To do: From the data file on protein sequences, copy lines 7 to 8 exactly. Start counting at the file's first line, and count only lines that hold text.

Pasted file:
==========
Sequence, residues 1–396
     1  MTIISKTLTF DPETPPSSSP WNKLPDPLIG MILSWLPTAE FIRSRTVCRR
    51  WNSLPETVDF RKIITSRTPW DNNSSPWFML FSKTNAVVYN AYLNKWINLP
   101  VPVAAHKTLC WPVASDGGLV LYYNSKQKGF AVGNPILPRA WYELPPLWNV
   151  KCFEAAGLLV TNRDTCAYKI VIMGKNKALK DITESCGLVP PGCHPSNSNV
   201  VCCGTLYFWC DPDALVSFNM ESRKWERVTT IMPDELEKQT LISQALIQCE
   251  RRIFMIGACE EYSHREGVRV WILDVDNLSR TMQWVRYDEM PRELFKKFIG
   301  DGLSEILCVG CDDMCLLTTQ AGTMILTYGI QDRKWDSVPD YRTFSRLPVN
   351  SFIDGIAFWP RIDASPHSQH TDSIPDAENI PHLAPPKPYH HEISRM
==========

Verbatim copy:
   251  RRIFMIGACE EYSHREGVRV WILDVDNLSR TMQWVRYDEM PRELFKKFIG
   301  DGLSEILCVG CDDMCLLTTQ AGTMILTYGI QDRKWDSVPD YRTFSRLPVN